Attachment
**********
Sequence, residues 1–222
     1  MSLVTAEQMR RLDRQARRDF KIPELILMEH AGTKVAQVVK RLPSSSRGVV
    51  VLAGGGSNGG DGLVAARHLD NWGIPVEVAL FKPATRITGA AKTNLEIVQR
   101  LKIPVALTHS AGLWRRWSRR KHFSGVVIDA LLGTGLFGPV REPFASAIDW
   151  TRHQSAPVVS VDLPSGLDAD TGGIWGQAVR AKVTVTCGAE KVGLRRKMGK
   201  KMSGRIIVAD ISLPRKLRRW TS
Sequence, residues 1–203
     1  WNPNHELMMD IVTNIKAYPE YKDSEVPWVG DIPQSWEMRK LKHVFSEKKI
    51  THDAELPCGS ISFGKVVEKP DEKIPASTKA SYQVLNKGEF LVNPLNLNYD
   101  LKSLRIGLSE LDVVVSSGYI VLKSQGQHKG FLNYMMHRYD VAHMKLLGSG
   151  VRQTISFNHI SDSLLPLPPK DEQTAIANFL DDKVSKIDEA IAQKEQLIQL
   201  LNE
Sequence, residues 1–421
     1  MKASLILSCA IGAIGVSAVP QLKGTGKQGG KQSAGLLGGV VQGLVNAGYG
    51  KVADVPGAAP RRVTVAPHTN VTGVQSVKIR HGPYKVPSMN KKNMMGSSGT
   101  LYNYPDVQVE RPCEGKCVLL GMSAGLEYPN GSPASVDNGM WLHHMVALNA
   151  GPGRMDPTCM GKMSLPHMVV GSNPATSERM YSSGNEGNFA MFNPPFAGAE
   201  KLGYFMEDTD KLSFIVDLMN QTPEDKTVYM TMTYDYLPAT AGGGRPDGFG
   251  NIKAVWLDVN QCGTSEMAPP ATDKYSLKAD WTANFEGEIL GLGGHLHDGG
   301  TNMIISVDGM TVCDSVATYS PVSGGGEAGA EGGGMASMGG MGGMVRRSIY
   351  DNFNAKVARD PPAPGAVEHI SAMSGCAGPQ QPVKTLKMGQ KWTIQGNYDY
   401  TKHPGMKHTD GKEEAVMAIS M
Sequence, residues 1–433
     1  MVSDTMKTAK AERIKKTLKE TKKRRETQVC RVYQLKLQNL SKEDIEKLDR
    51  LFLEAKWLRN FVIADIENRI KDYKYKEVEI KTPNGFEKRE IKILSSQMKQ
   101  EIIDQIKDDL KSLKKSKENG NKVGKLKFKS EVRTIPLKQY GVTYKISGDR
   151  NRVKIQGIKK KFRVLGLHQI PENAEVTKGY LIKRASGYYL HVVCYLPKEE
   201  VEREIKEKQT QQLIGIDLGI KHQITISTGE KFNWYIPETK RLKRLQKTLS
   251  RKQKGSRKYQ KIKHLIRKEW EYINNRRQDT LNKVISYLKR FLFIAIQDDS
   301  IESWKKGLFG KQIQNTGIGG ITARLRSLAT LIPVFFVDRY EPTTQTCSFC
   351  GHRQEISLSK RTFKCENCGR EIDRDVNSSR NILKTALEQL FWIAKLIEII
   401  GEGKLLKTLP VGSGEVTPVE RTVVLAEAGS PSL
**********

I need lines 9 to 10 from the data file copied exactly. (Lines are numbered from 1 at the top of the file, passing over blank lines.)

    51  THDAELPCGS ISFGKVVEKP DEKIPASTKA SYQVLNKGEF LVNPLNLNYD
   101  LKSLRIGLSE LDVVVSSGYI VLKSQGQHKG FLNYMMHRYD VAHMKLLGSG